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MNI INTERVIEW: Norges Could Move To Larger Hikes - Governor

(MNI) London

Norway’s central bank could re-accelerate its pace of rate hikes if necessary as it contends with inflation and wages which are rising too quickly and a weak exchange rate, Governor Ida Wolden Bache told MNI.

Speaking after Norges Bank announced a well-flagged 25-basis-point increase in its policy rate to 3.25%, and signalled that it was likely to hike again in June, Wolden Bache declined to exclude the possibility of larger tightening moves in future, with the policy rate set to stay above neutral at contractionary or restrictive levels for some time.

"We are not ruling out anything for the interest rate going forward, it will always be based on our assessment of the outlook," she said in an interview.

"We have not yet seen the full effects of the tightening that we have behind us, and we are now in contractionary territory, which is part of the reason for our gradual moves, but we cannot exclude the possibility of larger hikes if the outlook indicates that that is necessary," she added.

The Bank’s most recent assessment is that the real neutral money market rate is likely towards the upper end of a range between -0.5% and 0.5%, which would work out to somewhere below 3% and probably closer to 2.5% in nominal terms, based on forward-looking market measures of inflation.

While Norges Bank was the first major central bank to begin tightening, it is unlikely to be the first to stop, with the Federal Reserve already pointing to a possible pause and the governor stressing the persistence of Norwegian price pressures.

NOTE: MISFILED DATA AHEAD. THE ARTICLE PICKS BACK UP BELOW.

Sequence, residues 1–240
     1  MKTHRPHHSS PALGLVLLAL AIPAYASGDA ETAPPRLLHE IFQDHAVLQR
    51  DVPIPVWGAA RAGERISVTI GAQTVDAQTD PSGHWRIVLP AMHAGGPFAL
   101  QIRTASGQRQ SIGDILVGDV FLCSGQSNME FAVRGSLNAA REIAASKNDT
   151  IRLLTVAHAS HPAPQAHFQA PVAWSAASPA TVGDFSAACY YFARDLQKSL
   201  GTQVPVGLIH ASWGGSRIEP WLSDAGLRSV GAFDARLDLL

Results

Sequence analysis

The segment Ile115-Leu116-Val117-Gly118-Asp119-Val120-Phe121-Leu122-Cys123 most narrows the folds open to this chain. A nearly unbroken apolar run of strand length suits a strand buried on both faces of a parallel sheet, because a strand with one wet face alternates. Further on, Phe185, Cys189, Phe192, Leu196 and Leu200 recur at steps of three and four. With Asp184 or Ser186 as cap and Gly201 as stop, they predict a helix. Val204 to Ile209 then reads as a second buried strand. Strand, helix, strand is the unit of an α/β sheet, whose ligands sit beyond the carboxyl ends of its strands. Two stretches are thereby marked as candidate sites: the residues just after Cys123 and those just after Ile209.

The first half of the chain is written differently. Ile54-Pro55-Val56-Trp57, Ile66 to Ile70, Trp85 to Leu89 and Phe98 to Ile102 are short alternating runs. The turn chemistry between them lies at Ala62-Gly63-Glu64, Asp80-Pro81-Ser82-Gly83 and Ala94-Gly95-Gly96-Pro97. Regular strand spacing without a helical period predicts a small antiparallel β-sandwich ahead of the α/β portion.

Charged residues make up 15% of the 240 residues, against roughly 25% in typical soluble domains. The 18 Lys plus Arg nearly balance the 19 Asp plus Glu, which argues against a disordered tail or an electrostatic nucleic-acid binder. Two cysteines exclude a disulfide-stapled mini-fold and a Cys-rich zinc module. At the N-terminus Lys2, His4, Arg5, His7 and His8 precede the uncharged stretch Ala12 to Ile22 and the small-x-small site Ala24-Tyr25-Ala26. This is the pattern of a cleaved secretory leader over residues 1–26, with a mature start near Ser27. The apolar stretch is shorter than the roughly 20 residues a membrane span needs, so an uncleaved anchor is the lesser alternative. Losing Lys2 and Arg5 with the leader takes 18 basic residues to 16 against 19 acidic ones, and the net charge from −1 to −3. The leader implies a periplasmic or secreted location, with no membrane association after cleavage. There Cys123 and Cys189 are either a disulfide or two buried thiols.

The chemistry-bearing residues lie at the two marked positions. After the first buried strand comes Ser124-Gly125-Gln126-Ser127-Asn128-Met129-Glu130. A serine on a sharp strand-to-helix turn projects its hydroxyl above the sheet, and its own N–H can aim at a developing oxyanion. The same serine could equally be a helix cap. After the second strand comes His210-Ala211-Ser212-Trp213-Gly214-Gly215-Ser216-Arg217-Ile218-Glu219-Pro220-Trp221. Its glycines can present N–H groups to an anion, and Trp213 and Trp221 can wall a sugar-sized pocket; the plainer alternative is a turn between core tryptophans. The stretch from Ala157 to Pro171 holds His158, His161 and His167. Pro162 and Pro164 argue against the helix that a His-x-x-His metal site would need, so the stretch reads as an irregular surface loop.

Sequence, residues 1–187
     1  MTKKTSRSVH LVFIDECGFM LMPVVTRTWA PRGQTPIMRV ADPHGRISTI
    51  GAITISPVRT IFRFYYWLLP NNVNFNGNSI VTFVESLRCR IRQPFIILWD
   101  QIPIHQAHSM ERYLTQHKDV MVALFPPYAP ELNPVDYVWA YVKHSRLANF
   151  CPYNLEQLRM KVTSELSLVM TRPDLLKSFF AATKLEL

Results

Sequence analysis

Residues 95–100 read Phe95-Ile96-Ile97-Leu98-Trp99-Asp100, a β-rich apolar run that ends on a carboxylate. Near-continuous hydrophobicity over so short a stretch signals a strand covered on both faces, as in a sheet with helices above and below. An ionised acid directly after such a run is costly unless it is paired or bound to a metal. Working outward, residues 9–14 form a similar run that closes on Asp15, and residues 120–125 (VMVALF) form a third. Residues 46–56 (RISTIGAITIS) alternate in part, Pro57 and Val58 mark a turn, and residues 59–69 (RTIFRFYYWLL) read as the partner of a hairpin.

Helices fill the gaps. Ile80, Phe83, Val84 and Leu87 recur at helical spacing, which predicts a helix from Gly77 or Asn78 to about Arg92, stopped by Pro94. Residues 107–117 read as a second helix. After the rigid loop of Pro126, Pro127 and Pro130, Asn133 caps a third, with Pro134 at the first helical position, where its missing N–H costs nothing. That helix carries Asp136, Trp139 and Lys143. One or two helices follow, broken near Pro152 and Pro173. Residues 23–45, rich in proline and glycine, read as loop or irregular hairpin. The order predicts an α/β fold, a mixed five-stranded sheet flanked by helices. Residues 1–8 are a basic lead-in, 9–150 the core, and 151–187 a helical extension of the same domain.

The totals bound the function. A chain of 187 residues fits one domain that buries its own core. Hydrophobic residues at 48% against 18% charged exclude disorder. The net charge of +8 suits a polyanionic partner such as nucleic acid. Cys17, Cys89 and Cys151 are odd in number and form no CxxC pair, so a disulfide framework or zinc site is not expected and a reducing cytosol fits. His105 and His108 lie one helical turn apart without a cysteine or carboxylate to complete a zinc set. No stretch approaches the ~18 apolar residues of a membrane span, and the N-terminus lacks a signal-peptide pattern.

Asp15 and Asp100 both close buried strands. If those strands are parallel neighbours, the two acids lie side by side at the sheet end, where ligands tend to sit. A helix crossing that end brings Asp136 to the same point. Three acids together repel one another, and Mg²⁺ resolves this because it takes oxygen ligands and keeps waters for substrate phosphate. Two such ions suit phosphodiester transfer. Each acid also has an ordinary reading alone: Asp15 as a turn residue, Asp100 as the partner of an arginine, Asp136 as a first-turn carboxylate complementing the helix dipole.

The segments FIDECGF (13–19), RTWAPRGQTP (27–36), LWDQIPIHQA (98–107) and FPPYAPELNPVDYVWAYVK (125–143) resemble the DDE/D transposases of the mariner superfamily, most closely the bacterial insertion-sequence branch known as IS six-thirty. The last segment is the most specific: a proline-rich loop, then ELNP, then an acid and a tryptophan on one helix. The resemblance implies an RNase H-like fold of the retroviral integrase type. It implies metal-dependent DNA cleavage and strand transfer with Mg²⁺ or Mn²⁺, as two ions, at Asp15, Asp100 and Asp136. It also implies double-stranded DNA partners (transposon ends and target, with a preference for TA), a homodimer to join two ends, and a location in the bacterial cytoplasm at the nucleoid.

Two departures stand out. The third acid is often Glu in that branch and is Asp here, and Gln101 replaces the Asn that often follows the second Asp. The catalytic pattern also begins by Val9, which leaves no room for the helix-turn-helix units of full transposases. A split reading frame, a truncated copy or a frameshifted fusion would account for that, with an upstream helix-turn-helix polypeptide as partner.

"Inflation has been higher than we expected, although since March core inflation has been in line with our forecast. Activity in the Norwegian economy has kept up better than we envisaged, the labour market is still tight and we now see signs that wage growth is on the rise and you add to that the weakening of the exchange rate," she said.

"That forms the basis for our assessment that there is a need for higher interest rates to bring inflation down."


Norges Bank has justified its policy tightening in part with reference to the weakness of the krone, while at the same time announcing only a marginal slowing in its daily foreign exchange purchases, to NOK1.4 billion per day in May. This has sparked commentary from analysts calling for the pace of purchases to be cut, but Wolden Bache stressed that these are not a monetary policy tool.

"The transactions that we conduct in FX markets we do on behalf of the government in order for them to have sufficient currency to make the transfers of petroleum revenues into the petroleum fund. They are not part of monetary policy and they should be seen as a consequence in part of the purchases of Norwegian krone that the petroleum companies make to pay their petroleum taxes," she said. "So that is not part of monetary policy. If we were to stop, or to change, that framework that would mean an FX intervention."

Norges Bank has intervened in FX markets as recently as 2020 during the Covid pandemic but Wolden Bache does not envisage a repeat.

"The interventions that we made in 2020 should be seen in light of the extraordinary market conditions that prevailed at the time. We don't see signs of similar market conditions at the moment," she said.

MNI London Bureau | +44 203-586-2223 |
MNI London Bureau | +44 203-586-2223 |

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